A Test of U.S. Trade Clout with China

As finance ministers and central bankers dispersed after posing for a Group of 20 "class photo" on Oct. 22 in South Korea, Timothy Geithner made a beeline for People's Bank of China Governor Zhou Xiaochuan. It was a friendly overture from the U.S. Treasury Secretary—and suggestive of Beijing's current leverage in U.S.-China relations. "The U.S.," says David Rothkopf, a former Clinton Administration trade official who now heads Garten Rothkopf, a consulting firm, "is in the weakest position in terms of leading international negotiations that it's been in a very long time."

Just how much pull President Barack Obama has with Beijing may become clear on Nov. 11 and 12, when the G-20 leaders meet in Seoul to consider a U.S. proposal to limit current-account (the broadest measure of trade) surpluses and deficits to about 4 percent of a country's gross domestic product. In the recent G-20 meeting, finance ministers endorsed a vague statement that trade imbalances should be kept at "sustainable levels." The focus on trade targets is an indirect way of averting a global currency brawl. Emerging markets from Brazil to South Korea hope to protect exports by restraining their exchange rates, as the U.S. dollar declines and the yuan remains undervalued by many measures.

Zhou and Chinese Finance Minister Xie Xuren haven't yet backed numerical targets, though they have resisted pressure to let the Chinese currency appreciate. Will Obama get his way in Seoul? Some Chinese financial experts say yes. "China should not be afraid of numerical targets for reducing its trade surplus," Li Daokui, an adviser to the People's Bank of China, told the Financial Times on Oct. 27. "China is well positioned politically and economically to make this argument." That meshes with an Oct. 9 pledge in Washington by deputy governor Yi Gang for China to cut its surplus below 4 percent of GDP in the next three to five years.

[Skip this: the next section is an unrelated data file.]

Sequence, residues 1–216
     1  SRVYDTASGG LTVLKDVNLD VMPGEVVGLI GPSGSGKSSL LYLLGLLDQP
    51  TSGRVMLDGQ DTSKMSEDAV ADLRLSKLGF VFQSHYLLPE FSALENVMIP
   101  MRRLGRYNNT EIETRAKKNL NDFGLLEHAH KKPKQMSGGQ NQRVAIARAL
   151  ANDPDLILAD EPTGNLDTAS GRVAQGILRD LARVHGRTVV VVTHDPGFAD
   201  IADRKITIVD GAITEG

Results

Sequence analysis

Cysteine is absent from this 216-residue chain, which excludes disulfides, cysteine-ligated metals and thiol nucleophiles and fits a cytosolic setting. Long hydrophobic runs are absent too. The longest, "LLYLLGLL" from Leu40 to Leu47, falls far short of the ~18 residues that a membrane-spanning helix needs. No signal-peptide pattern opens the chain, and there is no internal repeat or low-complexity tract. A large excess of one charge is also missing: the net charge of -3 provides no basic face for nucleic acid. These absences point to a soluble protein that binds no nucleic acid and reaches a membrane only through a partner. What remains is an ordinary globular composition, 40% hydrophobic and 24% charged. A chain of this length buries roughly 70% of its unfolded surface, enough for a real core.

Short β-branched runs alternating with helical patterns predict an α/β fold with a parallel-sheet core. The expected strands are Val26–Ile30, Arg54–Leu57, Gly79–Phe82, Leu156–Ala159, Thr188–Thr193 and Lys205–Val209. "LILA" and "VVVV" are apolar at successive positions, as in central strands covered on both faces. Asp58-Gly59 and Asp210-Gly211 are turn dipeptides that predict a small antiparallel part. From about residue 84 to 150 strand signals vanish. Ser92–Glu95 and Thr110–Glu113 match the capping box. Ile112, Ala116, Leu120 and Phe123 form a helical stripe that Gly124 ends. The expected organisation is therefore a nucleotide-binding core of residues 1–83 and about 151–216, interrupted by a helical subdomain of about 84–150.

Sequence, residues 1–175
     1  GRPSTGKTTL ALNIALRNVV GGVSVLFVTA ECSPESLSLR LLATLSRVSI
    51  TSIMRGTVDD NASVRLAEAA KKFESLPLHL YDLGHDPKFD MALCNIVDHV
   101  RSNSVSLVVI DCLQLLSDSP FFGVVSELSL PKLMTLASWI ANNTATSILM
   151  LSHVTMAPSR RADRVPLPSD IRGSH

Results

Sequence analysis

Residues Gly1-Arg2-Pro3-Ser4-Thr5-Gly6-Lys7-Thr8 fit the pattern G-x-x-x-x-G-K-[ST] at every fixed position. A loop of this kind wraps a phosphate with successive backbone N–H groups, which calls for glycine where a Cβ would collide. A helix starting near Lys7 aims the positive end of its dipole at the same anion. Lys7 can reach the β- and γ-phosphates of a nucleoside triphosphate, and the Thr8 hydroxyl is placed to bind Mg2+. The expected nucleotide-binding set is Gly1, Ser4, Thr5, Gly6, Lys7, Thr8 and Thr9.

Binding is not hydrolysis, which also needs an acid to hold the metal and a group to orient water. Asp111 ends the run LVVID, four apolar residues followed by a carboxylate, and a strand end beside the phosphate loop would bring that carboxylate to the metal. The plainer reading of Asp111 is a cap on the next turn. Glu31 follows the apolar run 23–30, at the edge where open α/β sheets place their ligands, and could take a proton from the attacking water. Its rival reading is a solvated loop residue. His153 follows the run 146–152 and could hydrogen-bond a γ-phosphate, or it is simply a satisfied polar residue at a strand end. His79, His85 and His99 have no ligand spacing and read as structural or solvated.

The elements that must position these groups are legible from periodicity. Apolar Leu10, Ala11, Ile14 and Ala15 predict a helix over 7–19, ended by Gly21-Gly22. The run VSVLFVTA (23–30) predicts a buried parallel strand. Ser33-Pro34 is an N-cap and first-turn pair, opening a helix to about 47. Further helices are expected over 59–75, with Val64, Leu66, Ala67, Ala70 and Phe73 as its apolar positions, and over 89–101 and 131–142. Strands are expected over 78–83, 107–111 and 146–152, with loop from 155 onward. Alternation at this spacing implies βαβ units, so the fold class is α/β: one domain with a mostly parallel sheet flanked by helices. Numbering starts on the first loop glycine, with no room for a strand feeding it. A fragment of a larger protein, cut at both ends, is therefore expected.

Geithner hasn't yet been able to get G-20 partners to commit to a 4 percent target, thanks to objections from Japan and Germany, both surplus countries. (China's surplus is about 5 percent of GDP, while the U.S. deficit is about 3.2 percent.) Even so, Geithner said in a Bloomberg TV interview that 4 percent "will become the benchmark for the future." It's worth recalling, though, that a similar effort overseen by the International Monetary Fund in 2006 failed.

Obama could use a win. Elections on Nov. 2 are expected to hand control of at least one house of Congress to the Republicans. The following day, the Fed may resume buying U.S. assets to spark economic growth. By dramatically expanding the U.S. money supply, the Fed could undermine the dollar—and undercut Obama's sermons against currency meddling.

Also, numerical targets may not be all that effective. The G-20 only has peer pressure to enforce its decisions, and its track record has been patchy of late. True, countries united to bail out banks and craft stimulus plans to avert a global depression. Now, G-20 members are divided on topics like reversing budget deficits and taxing financial speculation. Pledges not to engage in protectionism have been ignored about 400 times in two years, according to Global Trade Alert, an independent monitor. Such are the current realities of global trade.

The bottom line: The U.S.'s leverage in international negotiations is slipping, just as Obama is pushing for numerical targets for trade imbalances.

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